by Paula Crăciun and Josiane Zerubia

Earth observation satellites represent a significant resource when it comes to acquiring data about the Earth. Satellite data is used in a range of fields, including environmental monitoring, map updating and meteorology. Since the launch of the first Earth observation satellite, the resolution of the optical sensors installed on board has greatly improved, thus, nowadays, panchromatic images can be acquired at a resolution equal or lower than 0.7 [m] (ie GeoEye, Pleiades). This makes it possible to recognize small objects, such as boats and cars.

When it comes to the problem of object extraction, two conceptually different techniques are usually used. The first, a pixel-based approach, takes only the spectral information of individual pixels into account. It has proved its usefulness in the case of low or medium resolution imagery, but has found its limits in high resolution imagery owing to the rich information content in such data. The main difficulties appear when trying to cope with objects that are unevenly illuminated, partially occluded or blended with the background. The second type of technique considers objects, rather than individual pixels during the extraction. It also takes shape and textural information into account, along with the spectral data.

A possible framework for object-based solutions is offered by stochastic geometry. The quest is to find a pattern of objects that fits the image, which is considered to be a realization of a random process. Three main ingredients are needed to build a spatial pattern analysis tool: a prior to give a general aspect of the searched solution, a conditional probability that depends on the data, and an optimization method to get the best solution to the problem which consists of maximizing a probability or minimizing an energy function [1].

In this regard, statisticians working in image processing have introduced marked point processes as a tool to solve pattern analysis problems. By developing specialized models, different kinds of objects in complex scenes can be handled. The marked point processes are used as priors. Interactions between objects are defined, allowing for the incorporation of global properties into the model. The shape of the objects is modelled by constraints on the marks of the point process.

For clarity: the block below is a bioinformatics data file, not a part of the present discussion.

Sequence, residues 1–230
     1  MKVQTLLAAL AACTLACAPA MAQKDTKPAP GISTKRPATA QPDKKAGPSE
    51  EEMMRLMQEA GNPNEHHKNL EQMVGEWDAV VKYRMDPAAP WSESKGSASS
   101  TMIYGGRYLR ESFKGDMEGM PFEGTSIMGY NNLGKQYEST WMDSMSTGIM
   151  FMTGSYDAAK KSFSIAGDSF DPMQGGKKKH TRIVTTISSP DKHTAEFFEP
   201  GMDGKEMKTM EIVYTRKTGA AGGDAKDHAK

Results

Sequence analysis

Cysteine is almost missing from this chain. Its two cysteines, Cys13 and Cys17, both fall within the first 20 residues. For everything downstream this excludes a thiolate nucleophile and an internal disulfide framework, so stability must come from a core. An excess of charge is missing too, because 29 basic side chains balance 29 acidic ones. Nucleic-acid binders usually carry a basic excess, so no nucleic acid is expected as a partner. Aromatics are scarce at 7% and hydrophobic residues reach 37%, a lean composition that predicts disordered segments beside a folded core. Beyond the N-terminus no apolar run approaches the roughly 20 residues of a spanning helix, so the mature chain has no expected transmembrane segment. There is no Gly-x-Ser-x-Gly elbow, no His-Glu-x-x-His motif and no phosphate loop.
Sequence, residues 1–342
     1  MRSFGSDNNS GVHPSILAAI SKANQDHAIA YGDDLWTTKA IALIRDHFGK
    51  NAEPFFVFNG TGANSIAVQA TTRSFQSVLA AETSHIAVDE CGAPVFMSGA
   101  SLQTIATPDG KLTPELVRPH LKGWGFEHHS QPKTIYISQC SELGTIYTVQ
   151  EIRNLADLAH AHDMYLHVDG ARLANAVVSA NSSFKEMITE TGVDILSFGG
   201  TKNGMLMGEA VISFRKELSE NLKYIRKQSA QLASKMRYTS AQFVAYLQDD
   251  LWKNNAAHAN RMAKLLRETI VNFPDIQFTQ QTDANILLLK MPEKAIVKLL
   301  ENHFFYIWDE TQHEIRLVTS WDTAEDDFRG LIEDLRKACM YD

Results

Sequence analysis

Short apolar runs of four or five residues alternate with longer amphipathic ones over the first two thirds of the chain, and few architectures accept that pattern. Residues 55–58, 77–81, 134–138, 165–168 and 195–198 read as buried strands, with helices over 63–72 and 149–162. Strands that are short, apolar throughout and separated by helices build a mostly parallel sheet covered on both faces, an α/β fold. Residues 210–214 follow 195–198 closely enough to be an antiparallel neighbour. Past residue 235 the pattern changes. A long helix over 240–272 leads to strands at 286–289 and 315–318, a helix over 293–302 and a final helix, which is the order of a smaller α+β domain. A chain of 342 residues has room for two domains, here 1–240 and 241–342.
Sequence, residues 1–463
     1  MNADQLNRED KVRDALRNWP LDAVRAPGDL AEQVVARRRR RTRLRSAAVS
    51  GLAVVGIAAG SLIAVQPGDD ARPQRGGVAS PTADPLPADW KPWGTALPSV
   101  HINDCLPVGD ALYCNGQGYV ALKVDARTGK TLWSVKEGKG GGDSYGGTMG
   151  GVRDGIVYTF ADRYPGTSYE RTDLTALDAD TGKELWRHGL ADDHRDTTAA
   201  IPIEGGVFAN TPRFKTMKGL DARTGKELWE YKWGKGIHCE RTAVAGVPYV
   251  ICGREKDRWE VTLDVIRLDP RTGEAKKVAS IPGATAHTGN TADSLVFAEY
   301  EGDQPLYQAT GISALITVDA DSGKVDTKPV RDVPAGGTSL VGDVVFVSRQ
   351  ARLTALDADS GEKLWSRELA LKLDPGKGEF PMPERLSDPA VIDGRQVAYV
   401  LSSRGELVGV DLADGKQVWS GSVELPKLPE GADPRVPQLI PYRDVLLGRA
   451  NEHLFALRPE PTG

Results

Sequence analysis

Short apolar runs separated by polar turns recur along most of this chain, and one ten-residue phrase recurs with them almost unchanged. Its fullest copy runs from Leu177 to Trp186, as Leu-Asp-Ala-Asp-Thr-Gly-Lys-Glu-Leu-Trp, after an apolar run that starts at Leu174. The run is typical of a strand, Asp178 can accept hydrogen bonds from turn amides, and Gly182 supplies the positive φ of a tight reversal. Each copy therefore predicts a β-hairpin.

The conditional probability depending on the data is given by the likelihood that a configuration of objects fits the actual image. Finally, by maximizing a Bayesian criterion, such as the Maximum A Posteriori using an optimization method, one obtains the resulting configuration, eg the configuration which maximizes the product between the prior and the likelihood.

One particularly complex case is the extraction of boats in harbours. The objects of interest are usually clustered around the docks, vary in size and orientation, and tend to be very close to each other. Here, objects are modelled as stochastic ellipses. Constraints on the prior do not allow for object overlapping and neighbouring objects should have similar orientations. The conditional probability depending on the data is determined individually for each object in a given configuration by computing a contrast distance between the interior of the ellipse and part of its surrounding background.

Additional prior information is embedded into the model by identifying the local orientations of the objects [2]. By determining how each dock in the harbour is oriented, it is possible to make inferences about the orientation of the boats. Figure 1 shows results for boat extraction in a harbour.

Figure 1. (left) Image of boats in harbors ©CNES; (right) Extraction results ©INRIA-AYIN.

The areas highlighted in green present extraction errors due to the fact that the objects in the image are larger than the sizes specified in the model.

Marked point processes offer a reliable tool and moreover, a general framework for extracting objects from high resolution optical satellite images. Their usability in dynamic images (ie for object tracking) is currently being investigated.

Link: https://team.inria.fr/ayin/

References:
[1] S. Ben Hadj, F. Chatelain, X. Descombes and J. Zerubia, “Parameter estimation for a marked point process within a framework of multidimensional shape extraction from remotely sensed images”, Proc. ISPRS, XXXVIII, 2010
[2] P. Craciun and J. Zerubia, “Unsupervised marked point process model for boat extraction in harbors from high resolution optical remotely sensed images”, Proc. IEEE ICIP, 2013

Please contact:
Josiane Zerubia,
AYIN research team, Inria, France
E-mail: This email address is being protected from spambots. You need JavaScript enabled to view it.

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